New governor has the right recipe ... for squirrel _lowres

Photo provided by CAMERON OHMSTEDE A rare find; a hunter's promise There are pockets of Bachman's squirrels throughout Louisiana, and 17-year-old Cameron Ohmstede was fortunate to take the largest of the squirrel species near his family's camp near Wilson in East Feliciana Parish on the second-to-last weekend of the season. "I noted they're quite larger than not only cat squirrels but even fox squirrels. This one had to have been 3-3.5 pounds," the teenaged hunter said. "It almost looked like a monkey climbing the pine tree. Most people I talked to didn't even know what it was. I honesty thought it was a fox squirrel at first because the Bachman's usually have white on the tip of their tail, but this one didn't." After admitting he mistook this one for another species, Ohmstede said he will not shoot another, "... so they will repopulate around the camp." The squirrel and rabbit seasons end Monday statwide. There will be another squirrel season in May on private lands with daily limits reduced to three, not the eight allowed during the October through February season.

When Gov. John Bel Edwards honored a Saturday morning speaking commitment to the CCA’s Board of Directors meeting in Baton Rouge, he said wished his teenage son well in the woods on family land on a cool, crisp, somewhat windless Saturday morning, the last Saturday of a of the squirrel season that began way back on the first Saturday in October.

There was even a wish that he could have been there, but CCA and the state’s deficit took precedent over a trip to the woods with a shotgun or a .22 rifle.

Edwards delivered the line of the day: “They’ve probably never fixed squirrel at the Governor’s Mansion,” he said, adding that he was more than willing to provide a recipe from Chef John Folse’s “After the Hunt” cookbook if the staff needed a tip to prepare squirrel.

It’s unsure if any of the mansion’s recent occupants ever had squirrel stew or sauce piquante, but the Fosters and the Blancos certainly served duck. Those two families knew what to do in a duck blind and took enough ducks during their terms.

Monday is the final statewide day for the squirrel and rabbit seasons, but squirrel hunters will have a special May 7-29 season on private lands across the state, and a May 7-15 squirrel season on as many as 40 wildlife management areas.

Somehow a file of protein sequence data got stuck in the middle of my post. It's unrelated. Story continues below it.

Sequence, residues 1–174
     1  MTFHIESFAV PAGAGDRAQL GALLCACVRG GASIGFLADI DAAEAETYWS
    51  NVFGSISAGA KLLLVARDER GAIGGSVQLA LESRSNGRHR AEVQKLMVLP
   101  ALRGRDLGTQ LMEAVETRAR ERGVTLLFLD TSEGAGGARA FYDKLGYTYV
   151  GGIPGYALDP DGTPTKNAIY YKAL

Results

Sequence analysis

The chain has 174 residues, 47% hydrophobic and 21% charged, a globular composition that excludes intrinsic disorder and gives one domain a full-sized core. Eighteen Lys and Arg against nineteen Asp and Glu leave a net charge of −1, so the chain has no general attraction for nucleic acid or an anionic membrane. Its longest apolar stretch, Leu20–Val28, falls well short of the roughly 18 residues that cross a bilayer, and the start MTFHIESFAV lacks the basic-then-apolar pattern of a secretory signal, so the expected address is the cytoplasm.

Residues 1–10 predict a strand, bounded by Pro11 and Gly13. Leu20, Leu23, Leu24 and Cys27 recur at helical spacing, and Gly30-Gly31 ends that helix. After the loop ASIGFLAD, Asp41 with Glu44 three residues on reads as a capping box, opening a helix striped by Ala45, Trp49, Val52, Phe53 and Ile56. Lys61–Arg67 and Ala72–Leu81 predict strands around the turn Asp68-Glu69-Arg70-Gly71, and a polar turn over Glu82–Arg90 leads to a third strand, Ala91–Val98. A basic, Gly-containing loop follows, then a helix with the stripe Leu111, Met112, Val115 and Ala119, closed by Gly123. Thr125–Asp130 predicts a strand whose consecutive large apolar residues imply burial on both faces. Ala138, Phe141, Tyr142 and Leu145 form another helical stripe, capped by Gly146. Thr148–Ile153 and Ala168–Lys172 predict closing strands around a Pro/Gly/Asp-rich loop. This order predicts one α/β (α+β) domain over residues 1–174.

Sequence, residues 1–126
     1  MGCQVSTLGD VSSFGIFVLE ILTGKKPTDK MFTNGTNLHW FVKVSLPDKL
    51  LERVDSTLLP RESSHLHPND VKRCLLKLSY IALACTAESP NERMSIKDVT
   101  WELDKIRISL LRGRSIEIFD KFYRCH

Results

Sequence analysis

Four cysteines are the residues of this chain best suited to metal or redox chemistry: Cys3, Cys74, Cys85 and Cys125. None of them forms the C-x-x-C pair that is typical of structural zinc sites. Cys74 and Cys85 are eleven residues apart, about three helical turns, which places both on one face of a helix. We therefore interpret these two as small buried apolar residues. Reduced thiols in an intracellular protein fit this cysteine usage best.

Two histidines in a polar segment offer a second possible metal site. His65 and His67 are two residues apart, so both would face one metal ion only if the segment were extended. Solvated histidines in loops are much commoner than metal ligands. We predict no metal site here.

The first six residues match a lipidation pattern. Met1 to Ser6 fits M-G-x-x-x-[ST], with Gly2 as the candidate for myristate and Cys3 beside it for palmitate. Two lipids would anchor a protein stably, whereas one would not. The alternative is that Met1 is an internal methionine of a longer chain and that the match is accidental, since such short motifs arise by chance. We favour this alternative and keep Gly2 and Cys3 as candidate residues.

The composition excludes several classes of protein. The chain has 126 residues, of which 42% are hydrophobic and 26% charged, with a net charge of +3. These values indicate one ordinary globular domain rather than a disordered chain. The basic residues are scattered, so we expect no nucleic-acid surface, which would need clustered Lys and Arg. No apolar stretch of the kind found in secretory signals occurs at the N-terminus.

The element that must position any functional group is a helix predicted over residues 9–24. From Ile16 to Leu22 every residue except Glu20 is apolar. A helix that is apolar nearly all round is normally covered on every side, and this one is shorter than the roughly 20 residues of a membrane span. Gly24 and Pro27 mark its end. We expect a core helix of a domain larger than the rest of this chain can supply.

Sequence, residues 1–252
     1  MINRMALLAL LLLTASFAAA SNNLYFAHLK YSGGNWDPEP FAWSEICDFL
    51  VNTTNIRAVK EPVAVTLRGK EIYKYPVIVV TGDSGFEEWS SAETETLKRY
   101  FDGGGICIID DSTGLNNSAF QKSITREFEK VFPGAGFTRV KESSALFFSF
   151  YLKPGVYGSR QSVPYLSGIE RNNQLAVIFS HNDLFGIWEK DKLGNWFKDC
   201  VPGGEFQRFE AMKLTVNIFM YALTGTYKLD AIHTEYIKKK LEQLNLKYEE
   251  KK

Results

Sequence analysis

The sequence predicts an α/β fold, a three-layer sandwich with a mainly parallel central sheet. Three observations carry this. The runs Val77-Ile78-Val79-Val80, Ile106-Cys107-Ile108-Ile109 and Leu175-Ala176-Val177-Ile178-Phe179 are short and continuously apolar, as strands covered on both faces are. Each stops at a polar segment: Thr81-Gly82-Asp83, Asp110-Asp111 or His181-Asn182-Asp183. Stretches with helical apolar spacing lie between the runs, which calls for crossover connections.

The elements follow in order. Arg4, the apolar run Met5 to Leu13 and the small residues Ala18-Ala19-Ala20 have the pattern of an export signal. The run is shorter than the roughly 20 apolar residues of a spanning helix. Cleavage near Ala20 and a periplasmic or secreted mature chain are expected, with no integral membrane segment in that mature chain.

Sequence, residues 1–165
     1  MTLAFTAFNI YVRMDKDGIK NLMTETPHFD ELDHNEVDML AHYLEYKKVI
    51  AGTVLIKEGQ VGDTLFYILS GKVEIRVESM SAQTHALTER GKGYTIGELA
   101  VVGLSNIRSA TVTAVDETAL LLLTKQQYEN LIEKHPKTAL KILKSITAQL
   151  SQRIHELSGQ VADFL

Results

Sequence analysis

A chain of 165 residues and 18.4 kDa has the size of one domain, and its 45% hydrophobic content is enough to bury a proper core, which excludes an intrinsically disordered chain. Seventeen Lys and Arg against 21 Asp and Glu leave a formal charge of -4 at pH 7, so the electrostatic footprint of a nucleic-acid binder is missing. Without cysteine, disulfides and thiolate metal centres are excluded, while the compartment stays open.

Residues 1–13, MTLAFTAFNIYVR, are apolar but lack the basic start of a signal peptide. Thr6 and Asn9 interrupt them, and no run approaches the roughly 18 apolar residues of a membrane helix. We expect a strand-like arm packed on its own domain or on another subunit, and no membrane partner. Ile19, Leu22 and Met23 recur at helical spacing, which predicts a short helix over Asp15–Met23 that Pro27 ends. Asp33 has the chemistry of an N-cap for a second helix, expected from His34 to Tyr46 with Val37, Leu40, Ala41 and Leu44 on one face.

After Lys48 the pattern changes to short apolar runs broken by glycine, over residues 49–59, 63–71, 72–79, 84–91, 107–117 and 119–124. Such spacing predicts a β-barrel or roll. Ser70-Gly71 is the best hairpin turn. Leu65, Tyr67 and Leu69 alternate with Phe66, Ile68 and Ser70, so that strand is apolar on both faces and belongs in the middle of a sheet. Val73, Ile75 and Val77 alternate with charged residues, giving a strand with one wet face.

LASS moves venue

Sam Barbera, the director of the LDWF’s Louisiana Saltwater Series said the closure of the Empire Lock means the series’ first redfish event of the year, scheduled March 12 for Delta Marina in Empire, will be moved to the Venice Marina in Venice.

“It’s the same date, just a new venue,” Barbera said, adding that late registration for the first of the six events is $250. Need more information? Go to website: www.LASaltwaterseries.com, or email: sbarbera@wlf.la.gov.

Talking turkey

With the first shots for the state’s spring turkey season three weeks away, it’s never too early to talk turkey, and Flextone has come out with something call-makers call the “Turkey Man 3-Pack” that proves there is something new under the sun for folks who like to use diaphragm calls, mouth calls to lure the big gobblers into range.

There’s a problem with diaphragm calls because somehow they get lost in a pack, or get too wet to use, and tried-and-true hunters never enter the woods without at least two of these calls in their pocket.

Not all diaphragm calls are the same, and veteran hunter Eddie Salter came up with this new three-call package and gave them names — the moderate-rasp, easy-to-use “Drama Momma,” the “Feather Cutter” that can produce seductive yelps, and Trash Talker, an aggressive yelping and cutting call most hunters use when a “hot” gobbler shows up in a field of hens.

Suggested price is $21.99, and, after checking with the company’s distribution center in New Roads, there are 28 stores across the state carrying Flextone.

Classic kayak giveaway

You won’t have to attend the Friday-through-Sunday Bassmaster Classic nor the Classic Expo in Tulsa, Oklahoma, to get in on something Old Town Kayaks called the “Ultimate Fishing Machine.”

The full rigged kayak will be given away next Sunday at the Expo, and the winner doesn’t have to be there to win. It will be shipped to the winner. Go to Old Town’s Facebook page, click on the “Win a Predator” app, then complete the entry form.

For all divers

Louisiana divers who venture into the Gulf of Mexico need to take note that beginning Tuesday the Department of the Navy will implement new regulations on diving around sunken military craft. It involves establishing permit requirements for what the Navy calls, “intrusive activities on sunken and terrestrial military craft under its jurisdiction.”

Basically the new act requires divers to get a permit if they’re going to dive on these sites. Using a 2004 act, the Navy asserts that is has “right, title and interest in and to any U.S. government sunken military craft remains with the U.S. in perpetuity, unless expressly divested. These craft are not to be disturbed, removed, or injured, and violators may face enforcement action for doing so without authorization.”

The announcement further stated that recreational divers or commercial and sport fishermen “may continue to operate over and around (Navy) sunken military craft without requiring a permit as long as they do not intentionally or negligently disturb, remove, or injure them and their contents.”

The full law and requirements can be found on the federal website: https://federalregister.gov/a/2015-20795.

The required application forms and guidelines are available on the Naval History and Heritage Command website: www.history.navy.mil/research/underwater-archaeology/policy-and-resource-management.